by Gifford Hall and Margaret Gainer
The most significant waste reduction mandate to be adopted in California in the last 30 years, SB1383, was signed into law in 2016 by California Governor Jerry Brown as part of an ongoing legislative effort to reduce emissions of short-lived climate pollutants (SLCP).
SB 1383 requires the state to reduce organic waste (food waste, green waste, wood waste, and fibers such as paper and cardboard) disposal by 75% by 2025. This means the state must reduce organic waste disposal by more than 20 million tons annually by 2025. The law also requires the state to increase edible food recovery by 20 percent by 2025. This has significant policy and legal implications for the state and local governments.
After the announcement about the passage of SB 1383 four years ago, CalRecycle, the state agency responsible for informing local governments about how to comply, began an active program of workshops, webinars, and education. They have emphasized a sense of urgency for local government planning. The Humboldt County Division of Environmental Health also communicated this urgency to the Board of Supervisors at their January 28, 2020 meeting more than a year ago.
SLCP’s include black carbon, fluorinated gases, and methane — potent, harmful particles that pose significant negative impacts to air quality and public health, and exacerbate climate change. SB 1383 includes several new regulations that aim to reduce both the production and emissions of methane, hydrofluorocarbon gases and anthropogenic black carbon by upwards of 50% below 2013 levels by 2030. The major goal of SB 1383 is the reduction of landfill methane emissions caused by food waste and other organics. Some studies estimate that organic matter decomposing in landfills account for up to 16% of total methane emissions.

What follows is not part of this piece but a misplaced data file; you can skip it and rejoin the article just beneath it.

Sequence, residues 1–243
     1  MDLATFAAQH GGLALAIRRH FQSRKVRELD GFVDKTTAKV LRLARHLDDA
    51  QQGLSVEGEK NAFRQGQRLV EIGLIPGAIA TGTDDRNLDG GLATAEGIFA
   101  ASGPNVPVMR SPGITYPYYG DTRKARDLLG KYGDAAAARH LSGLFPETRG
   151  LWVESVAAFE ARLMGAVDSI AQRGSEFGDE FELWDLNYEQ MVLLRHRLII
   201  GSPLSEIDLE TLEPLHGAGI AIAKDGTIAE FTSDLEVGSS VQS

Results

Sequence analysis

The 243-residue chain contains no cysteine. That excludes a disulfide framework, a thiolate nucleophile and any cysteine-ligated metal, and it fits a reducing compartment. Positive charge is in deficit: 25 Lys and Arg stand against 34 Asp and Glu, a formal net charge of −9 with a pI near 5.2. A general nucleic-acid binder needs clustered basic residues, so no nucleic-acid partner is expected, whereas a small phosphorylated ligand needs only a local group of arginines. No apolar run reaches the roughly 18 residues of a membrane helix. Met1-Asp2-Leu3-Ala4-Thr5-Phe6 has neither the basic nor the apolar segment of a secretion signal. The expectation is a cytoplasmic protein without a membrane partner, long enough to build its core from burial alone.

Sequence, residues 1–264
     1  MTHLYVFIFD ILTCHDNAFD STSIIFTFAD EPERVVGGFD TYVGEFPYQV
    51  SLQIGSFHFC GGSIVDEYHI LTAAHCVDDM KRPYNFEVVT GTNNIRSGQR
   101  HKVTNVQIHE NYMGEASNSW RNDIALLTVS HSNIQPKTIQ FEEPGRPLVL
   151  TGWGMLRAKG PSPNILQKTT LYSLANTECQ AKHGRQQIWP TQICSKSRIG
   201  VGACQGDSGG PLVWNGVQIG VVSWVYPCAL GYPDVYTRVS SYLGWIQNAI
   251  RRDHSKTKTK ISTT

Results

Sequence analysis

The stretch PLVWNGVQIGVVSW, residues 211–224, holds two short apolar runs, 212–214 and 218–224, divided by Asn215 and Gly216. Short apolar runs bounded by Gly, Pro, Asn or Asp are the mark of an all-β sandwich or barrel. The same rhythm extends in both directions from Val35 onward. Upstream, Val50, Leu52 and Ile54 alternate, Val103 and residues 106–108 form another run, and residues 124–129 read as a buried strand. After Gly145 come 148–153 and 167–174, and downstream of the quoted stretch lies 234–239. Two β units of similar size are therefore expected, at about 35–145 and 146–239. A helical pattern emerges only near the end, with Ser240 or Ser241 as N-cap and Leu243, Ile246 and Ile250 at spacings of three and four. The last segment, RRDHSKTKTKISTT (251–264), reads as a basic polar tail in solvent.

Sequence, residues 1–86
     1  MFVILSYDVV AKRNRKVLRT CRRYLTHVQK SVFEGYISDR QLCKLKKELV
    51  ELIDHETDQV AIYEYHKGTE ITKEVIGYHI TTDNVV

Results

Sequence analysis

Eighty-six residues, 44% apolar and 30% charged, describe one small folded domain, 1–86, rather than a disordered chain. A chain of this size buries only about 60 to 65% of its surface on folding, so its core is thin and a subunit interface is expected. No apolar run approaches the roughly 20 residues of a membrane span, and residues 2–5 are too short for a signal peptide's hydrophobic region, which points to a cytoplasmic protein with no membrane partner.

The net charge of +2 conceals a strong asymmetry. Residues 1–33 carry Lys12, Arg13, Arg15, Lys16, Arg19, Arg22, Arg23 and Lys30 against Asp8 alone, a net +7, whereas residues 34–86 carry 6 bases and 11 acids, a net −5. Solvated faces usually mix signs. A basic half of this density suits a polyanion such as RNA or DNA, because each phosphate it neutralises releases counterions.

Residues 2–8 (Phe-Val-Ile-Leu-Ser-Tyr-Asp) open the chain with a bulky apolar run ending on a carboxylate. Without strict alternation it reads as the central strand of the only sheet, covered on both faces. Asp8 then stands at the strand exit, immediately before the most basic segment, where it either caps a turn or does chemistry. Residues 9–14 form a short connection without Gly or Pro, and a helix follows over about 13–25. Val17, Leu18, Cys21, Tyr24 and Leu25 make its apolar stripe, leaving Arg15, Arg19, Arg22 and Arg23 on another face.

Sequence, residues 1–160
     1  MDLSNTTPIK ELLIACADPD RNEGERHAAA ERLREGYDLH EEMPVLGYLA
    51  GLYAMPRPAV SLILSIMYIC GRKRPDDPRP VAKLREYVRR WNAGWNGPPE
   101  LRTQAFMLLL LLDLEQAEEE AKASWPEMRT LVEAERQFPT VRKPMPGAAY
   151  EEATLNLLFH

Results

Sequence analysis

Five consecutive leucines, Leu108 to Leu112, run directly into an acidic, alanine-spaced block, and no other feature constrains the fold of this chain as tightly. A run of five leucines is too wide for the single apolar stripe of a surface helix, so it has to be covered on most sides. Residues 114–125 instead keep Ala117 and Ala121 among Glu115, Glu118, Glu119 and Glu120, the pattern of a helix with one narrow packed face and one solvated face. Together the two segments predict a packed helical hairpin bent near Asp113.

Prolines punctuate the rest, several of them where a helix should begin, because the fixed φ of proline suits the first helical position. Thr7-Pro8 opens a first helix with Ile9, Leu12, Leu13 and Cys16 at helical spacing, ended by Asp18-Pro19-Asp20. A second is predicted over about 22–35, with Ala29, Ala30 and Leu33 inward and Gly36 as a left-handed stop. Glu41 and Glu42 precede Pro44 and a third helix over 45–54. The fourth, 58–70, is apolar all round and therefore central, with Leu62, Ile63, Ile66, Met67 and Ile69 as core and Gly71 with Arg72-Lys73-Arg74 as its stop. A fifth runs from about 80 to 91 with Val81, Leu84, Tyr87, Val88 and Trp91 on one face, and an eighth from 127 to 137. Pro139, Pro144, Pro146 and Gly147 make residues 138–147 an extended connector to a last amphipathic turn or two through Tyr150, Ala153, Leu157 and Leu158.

In Humboldt County, food and organic waste makes up approximately 30% of the total amount of waste disposed. It costs more than $700,000 annually to transport 15,000 tons of Humboldt County’s food waste to the Dry Creek Landfill in Eagle Point, Oregon, north of Medford. The County of Humboldt, its cities, and Humboldt Waste Management Authority have been slow to respond to SB1383 and related food waste and organics reduction laws.
It will require advance planning and cooperation among jurisdictions, local business and Humboldt County’s residents. Six local environmental and climate change organizations have urged Humboldt Waste Management Authority to address implementation of SB 1383 and related legislation as a top priority at their February 11, 2021 meeting.
SB 1383 regulations also require local cities and counties to conduct education and outreach on organics recycling to all residents, businesses (including those that generate edible food that can be donated), haulers, solid waste facilities, and local food banks and other food recovery organizations. This new law requires up to 20% of edible food be recovered and diverted from food and organic waste sources by 2025.
The implementation deadline for SB1383 is January 1, 2022. To learn more about how you can get involved contact email@example.com.